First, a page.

This year's Library Open House (with perhaps a name change?) will take place on Tuesday, October 9, from 1:00-4:00 pm. More information will be coming soon, but please note the date on your calendar now.
The Society of American Archivists held its annual conference – the theme was “Beyond Borders” – in San Diego, California last week. It was a very full schedule, with three SUL staff members from the Manuscripts Division presenting. First up was Laura Williams, currently the project archivist on the Stop AIDS Project. She presented at the MDOR (Metadata and Digital Object) Roundtable to a very full audience on our recent efforts using a new software (PhotoMechanic) and workflow for bulk cataloging of digital image collections. These enhanced digital objects/images have been ingested into the SDR. It was a very successful talk judging by a full table of interested archivists!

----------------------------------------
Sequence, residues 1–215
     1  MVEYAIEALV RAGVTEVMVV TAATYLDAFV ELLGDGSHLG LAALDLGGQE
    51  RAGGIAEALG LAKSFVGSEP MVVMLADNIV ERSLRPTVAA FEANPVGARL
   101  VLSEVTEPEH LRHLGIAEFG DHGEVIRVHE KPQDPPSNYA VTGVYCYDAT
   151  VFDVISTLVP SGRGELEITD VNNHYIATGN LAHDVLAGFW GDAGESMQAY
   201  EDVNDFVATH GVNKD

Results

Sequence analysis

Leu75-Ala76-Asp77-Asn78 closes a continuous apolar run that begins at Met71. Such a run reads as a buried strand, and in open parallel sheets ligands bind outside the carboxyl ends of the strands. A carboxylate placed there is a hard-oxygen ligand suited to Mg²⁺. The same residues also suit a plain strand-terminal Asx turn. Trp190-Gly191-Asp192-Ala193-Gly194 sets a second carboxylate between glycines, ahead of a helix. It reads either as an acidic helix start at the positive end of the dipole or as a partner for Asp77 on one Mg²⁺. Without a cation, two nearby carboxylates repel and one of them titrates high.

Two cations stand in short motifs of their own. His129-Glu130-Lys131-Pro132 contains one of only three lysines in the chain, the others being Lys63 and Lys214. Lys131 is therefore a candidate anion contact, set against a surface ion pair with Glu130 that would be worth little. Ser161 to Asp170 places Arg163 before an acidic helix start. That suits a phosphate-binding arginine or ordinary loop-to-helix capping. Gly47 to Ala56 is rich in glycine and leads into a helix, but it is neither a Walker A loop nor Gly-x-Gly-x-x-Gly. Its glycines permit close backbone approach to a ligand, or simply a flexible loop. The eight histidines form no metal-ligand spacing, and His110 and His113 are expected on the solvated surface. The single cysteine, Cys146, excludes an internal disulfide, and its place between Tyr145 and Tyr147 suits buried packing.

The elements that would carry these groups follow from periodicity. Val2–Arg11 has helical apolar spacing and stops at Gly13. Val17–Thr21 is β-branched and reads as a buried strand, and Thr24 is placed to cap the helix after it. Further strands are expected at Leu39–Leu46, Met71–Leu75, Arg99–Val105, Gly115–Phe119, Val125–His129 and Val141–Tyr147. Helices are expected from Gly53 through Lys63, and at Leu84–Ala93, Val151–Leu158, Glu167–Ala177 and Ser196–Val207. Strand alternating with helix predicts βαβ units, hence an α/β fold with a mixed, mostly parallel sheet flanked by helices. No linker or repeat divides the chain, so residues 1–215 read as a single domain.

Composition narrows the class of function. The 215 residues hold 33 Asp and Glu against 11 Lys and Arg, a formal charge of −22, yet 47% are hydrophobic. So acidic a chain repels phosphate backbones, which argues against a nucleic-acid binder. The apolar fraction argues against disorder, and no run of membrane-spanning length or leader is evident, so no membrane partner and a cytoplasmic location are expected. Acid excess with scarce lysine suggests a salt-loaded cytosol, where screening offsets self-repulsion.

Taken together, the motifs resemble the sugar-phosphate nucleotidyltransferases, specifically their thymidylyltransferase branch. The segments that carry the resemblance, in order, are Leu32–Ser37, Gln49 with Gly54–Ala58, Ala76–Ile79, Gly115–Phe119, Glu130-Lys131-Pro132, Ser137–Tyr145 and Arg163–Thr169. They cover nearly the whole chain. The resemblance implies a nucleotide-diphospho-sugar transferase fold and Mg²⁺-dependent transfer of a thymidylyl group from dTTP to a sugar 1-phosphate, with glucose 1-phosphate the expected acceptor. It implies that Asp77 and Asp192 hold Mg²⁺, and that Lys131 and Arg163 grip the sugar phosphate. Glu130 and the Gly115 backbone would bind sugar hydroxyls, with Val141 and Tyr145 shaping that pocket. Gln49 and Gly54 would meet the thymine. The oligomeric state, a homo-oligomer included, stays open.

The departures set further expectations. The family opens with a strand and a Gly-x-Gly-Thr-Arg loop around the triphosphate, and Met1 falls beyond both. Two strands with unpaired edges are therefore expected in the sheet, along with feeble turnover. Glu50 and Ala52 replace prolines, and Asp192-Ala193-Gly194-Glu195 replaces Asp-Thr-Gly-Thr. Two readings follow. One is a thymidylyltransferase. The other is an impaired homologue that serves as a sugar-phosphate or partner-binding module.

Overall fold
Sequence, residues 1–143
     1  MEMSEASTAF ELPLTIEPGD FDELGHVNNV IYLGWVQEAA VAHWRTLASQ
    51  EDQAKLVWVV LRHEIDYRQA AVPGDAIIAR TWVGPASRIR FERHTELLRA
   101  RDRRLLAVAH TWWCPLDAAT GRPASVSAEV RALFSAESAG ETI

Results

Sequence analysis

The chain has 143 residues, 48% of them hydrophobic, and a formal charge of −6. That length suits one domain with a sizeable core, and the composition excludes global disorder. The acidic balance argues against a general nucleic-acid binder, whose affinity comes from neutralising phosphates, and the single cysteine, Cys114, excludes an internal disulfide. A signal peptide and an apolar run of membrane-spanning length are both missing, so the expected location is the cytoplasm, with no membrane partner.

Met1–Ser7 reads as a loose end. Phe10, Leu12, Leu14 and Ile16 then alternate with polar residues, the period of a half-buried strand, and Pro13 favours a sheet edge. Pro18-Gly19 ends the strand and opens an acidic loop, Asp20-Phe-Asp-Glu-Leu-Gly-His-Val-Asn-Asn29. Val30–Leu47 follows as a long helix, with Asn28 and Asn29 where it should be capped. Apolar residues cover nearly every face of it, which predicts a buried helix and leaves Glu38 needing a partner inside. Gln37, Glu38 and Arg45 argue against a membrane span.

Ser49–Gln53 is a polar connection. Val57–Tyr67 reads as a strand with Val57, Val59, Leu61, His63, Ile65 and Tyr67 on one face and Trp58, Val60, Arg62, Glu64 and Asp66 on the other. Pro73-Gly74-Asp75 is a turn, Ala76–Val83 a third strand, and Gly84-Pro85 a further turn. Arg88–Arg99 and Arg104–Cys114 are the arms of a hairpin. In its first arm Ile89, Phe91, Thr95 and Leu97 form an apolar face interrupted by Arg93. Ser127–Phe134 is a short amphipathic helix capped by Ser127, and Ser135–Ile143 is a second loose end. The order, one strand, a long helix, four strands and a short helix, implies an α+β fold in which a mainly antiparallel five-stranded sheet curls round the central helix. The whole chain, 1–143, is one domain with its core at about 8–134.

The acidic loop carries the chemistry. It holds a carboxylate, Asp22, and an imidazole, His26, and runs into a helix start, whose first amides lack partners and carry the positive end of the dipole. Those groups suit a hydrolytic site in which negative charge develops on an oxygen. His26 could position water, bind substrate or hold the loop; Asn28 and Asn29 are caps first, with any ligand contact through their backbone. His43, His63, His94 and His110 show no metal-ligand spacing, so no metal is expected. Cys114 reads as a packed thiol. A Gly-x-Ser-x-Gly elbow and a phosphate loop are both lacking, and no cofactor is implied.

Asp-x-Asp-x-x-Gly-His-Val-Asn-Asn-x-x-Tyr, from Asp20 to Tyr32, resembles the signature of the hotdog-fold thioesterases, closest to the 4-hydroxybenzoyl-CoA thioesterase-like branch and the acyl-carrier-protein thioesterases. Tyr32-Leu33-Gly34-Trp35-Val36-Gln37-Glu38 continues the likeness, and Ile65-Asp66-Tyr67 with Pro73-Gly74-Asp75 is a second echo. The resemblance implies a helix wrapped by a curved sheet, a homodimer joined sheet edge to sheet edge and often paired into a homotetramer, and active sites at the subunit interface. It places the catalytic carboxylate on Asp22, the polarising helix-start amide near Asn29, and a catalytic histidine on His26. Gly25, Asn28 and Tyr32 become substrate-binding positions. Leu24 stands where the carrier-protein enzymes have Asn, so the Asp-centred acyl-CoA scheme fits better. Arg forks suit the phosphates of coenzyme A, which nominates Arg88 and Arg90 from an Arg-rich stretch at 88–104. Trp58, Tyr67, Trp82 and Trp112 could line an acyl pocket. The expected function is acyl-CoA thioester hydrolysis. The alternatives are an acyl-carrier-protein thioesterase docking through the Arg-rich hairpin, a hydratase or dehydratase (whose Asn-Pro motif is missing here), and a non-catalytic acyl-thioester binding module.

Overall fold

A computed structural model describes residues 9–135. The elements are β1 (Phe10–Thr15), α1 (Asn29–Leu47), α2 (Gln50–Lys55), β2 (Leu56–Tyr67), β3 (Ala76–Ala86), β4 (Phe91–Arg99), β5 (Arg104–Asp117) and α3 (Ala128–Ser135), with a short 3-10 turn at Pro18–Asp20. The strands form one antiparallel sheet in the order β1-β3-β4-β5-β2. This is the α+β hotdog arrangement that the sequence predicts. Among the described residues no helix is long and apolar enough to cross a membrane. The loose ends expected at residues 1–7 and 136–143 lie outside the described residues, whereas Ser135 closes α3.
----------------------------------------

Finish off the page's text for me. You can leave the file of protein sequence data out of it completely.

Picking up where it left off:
Our second speaker was Joe Geller, another project archivist, who is managing the processing of the records of California Rural Legal Assistance (CRLA) and of the Mexican American Legal Defense and Education Fund (MALDEF). He was part of a panel on the “Attorney / Archivist Dialog: Crossing Professional Borders to Provide Access to Legal Records” that we organized with Princeton University. Joe’s paper was called “Collaborating for Access: Strategies for Processing the Mexican American Legal Defense and Education Fund and California Rural Legal Assistance Records.” In it he discussed developing an agreement and workflow with both organizations and a Stanford Law student to screen and process legal records in both collections.